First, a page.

Related: while I'm sure that Gates was an imperious jerk (he has a Ph.D. the odds are 60/40 in favor of jerkiness when you limit it to humanities Ph.D.s) but I don't think either of them were telling the absolute truth. If I had arrested someone without cause, I'd pad the story to make them look terrible too. Now, I think that because I'd think a Harvard professor and all-around respectable type like him would stick to variations of “do you know who I am.” I'm very willing to acknowledge that I might be wrong (I wasn't there), but if you think police officers never lie in their reports, I'd encourage you to look up the name Agnes Lawless.

  • casualobserver

    @@If I had arrested someone without cause@@

    Stop insulting people's intelligence………..fine, the disorderly conduct is a judgemental call that is routinely dropped, and the cop would know it wouldn't go anywhere near a court docket……….however, if Gates is such an intelligent person and represented by a Harvard Law School Dean no less, doesn't at least the first 5 of your IQ points suggest to you that “without cause” would have been immediately filed against?

  • janinedm

    What's your point? Look, the race thing's neither here nor there, but if you're going to support arresting 60 year old jerks in their own home once they've established that they live there just to prove some point, then that's on you. The police have guns and power, and I'm not comfortable with them being able to arrest people in their homes. I realize things happen, but I am 1 million percent uncomfortable for normalizing that sort of behavior from the police. If he wasn't doing anything illegal, why should people be okay with him just getting arrested? You realize that this could happen to you and, unless you're famous and I don't know it, you'd likely be screwed. I think jails are for criminals and that we as a society should demand that. Call me crazy. Yes, the are a million situations where police are in danger or possible danger and have to make snap judgments. This wasn't one of them.

  • http://www.blogtalkradio.com/msr Jazz

    Jeebus, I have GOT to petition T-Steel to bring back my satire tag.

    /sigh

  • GeorgeSorwell

    Jeebus, I have GOT to petition T-Steel to bring back my satire tag.

    Sure, go ahead and blame your problems on a black man. ;)

  • Lit3Bolt

    Don't be silly, Jazz. The Northeast solved racism for all time when they won the Civil War centuries ago. They built the massive ghettos of South Side Chicago and Harlem as monuments to this lasting achievement.

  • joemechanic

    Profiling – what is it and why is it not a good thing? We do it every moment of every waking day. Correction, 24 -7 in this digital age.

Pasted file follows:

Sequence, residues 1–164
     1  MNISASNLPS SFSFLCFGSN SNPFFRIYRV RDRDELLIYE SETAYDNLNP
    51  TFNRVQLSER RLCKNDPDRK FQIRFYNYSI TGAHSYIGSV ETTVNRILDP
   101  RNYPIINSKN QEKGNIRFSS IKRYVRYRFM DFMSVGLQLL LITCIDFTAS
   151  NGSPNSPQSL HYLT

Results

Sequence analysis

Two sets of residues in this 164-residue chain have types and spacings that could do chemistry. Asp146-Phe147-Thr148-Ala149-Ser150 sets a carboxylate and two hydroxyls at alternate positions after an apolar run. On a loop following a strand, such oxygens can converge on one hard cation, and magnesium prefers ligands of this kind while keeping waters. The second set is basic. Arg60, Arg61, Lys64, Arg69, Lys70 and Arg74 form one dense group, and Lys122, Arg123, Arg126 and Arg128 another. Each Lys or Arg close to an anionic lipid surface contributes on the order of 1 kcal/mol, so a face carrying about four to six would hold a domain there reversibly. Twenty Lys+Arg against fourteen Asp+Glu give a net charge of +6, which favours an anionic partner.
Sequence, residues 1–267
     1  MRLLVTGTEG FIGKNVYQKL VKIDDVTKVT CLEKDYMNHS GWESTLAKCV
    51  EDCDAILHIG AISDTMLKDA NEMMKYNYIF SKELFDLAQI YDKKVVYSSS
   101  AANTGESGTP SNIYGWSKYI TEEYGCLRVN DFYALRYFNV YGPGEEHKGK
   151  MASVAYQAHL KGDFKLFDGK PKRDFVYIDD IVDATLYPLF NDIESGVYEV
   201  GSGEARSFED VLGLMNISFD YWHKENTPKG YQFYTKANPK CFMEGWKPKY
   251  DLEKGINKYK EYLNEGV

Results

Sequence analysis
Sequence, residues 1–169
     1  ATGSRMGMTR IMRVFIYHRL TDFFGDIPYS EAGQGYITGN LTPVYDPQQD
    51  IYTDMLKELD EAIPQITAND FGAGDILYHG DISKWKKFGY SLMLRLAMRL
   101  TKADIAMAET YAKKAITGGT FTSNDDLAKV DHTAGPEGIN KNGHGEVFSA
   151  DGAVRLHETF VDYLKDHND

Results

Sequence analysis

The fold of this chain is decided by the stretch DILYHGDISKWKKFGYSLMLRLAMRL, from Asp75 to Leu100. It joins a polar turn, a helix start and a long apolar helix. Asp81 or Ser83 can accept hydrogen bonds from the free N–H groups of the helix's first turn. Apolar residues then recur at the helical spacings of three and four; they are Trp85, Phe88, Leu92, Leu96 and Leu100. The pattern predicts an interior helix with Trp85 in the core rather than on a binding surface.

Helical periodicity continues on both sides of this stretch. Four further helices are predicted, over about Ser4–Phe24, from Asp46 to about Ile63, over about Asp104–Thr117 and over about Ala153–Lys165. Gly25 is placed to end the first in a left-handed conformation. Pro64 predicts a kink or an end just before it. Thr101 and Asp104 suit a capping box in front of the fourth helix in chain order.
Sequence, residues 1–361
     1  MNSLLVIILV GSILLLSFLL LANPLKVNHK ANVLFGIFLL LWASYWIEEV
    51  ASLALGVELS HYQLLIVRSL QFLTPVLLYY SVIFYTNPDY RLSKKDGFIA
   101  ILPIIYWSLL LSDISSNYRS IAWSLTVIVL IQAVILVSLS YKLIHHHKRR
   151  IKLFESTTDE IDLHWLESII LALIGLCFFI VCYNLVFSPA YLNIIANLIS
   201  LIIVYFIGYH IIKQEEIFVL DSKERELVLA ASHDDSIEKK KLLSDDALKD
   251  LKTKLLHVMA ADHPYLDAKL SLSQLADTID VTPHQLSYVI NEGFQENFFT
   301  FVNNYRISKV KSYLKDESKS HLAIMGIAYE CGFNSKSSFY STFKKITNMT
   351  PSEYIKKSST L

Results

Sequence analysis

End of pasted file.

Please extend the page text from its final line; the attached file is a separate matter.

We are profiled on the Net, in the supermarket, at the bank, your service companies such as electric, gas, your local auto mechanic, delivery services, and Doctors.
    A few of the above mentioned you would have to say, is really a good thing. Why would I want to go to a doctor for a checkup and be tested for a genetic disorder that only Asian race people would have? And I am not Asian.
    Enough about basic Profiling. It is done all the time on small and large scales. An educated individual Knows this and is not above it because it is useful in many decisions.
    Profiling gets labeled as evil, ridiculously when the buzz word of race is added to the formula. I say it is ridiculous because it is only one keystroke away in a database and a nanosecond away in a human mind, so this is only a natural event, not anything bigger than that.
    I believe, what we do with that information, is where the trouble begins.
    Is it a police sergeant’s fault that he has been informed by his precinct, that 80 percent of the break-ins in his neighborhood are perpetrated by black race people?
    The fact remains that anyone found in the unfortunate situation of being behind a broken door of a home, recently called in as a possible burglary, will have to show total cooperation until the situation can be verified without any doubt.
    The window of total cooperation was diminished quickly by a flare of temper of the homeowner. The minimum at that point would be a quiet ride to the PD to ask a few questions and verify identity. With a challenge at hand, you get cuffed and booked; this is what happens to anyone. Not just our Dr./ professor.
    As educated and powerful as the Dr is, he just was not aware of his situation. If the police officer let it slide his career would be on the line. Showing favoritism is as bad as going the other way. The policeman has to be committed to the law when people’s safety is involved. Or we will just make up laws as we go, and we know that doesn’t work.
    How do you think this would have played out if the policeman was invited in, given a polite hello and a cold drink while all the information was called in?

    The actions of this police officer in this situation should not be questioned.